None of these positions would suit traditional Christianity–but there is a version of cosmic memory that can–that of St. Thomas Aquinas. For Aquinas, God eternally holds every object and event in His mind. Although that is not the same as something existing in re, in itself, in another sense existing in God’s mind is more real than existing in re. Now Aquinas believes in subjective immortality; that is, he believes that God will raise all humans from the dead, restoring their souls to new bodies that are in a real sense continuous with the old. While Aquinas’ version of the afterlife sounds boring (“the beatific vision of God,” in which the saved contemplate God forever), as the late Father Joseph Owens of The Medieval Institute of the University of Toronto has noted, such an afterlife need not be boring at all. If all events and all places, everything that has ever existed or happened, exist virtually in God’s mind, then a resurrected person could have an experience of walking through the fields of his childhood. This sounds like a George Berkeley-like view of Heaven, or perhaps H. H. Price’s image-world with God as a ground of stability. My one caveat would be that if I exist in such a world, I would want the animals I have loved to be really, not just virtually, present–with their conscious lives restored and intact. If all else is composed of images in the mind of God, what would be the practical difference between such a world and a material world? Does the substrate out of which solid material objects is made really make a difference? There would be still be, to use Christian terminology, a “New Heaven and a New Earth.” On this view, the Beatific Vision of God would mark the fulfillment of our materiality rather than its repudiation. And the full truth of cosmic memory would be fulfilled in the ultimate vision of God’s memory playing a role in the blessed life of the resurrected.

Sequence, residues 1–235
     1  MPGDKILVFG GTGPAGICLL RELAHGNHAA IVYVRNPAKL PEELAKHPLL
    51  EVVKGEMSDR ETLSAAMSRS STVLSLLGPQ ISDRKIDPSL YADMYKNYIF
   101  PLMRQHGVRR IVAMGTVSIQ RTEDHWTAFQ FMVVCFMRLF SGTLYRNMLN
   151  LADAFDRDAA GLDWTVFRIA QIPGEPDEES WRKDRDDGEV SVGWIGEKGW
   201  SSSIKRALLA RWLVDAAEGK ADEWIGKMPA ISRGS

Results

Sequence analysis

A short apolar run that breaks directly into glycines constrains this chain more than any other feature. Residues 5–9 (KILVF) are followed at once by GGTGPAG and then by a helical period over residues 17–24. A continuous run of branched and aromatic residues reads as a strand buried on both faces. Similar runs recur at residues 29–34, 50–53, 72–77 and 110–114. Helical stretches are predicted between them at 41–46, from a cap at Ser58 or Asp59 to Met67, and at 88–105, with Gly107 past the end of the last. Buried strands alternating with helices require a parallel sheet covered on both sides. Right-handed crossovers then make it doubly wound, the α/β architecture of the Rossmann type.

Academia: A Diamond-Filled Cesspool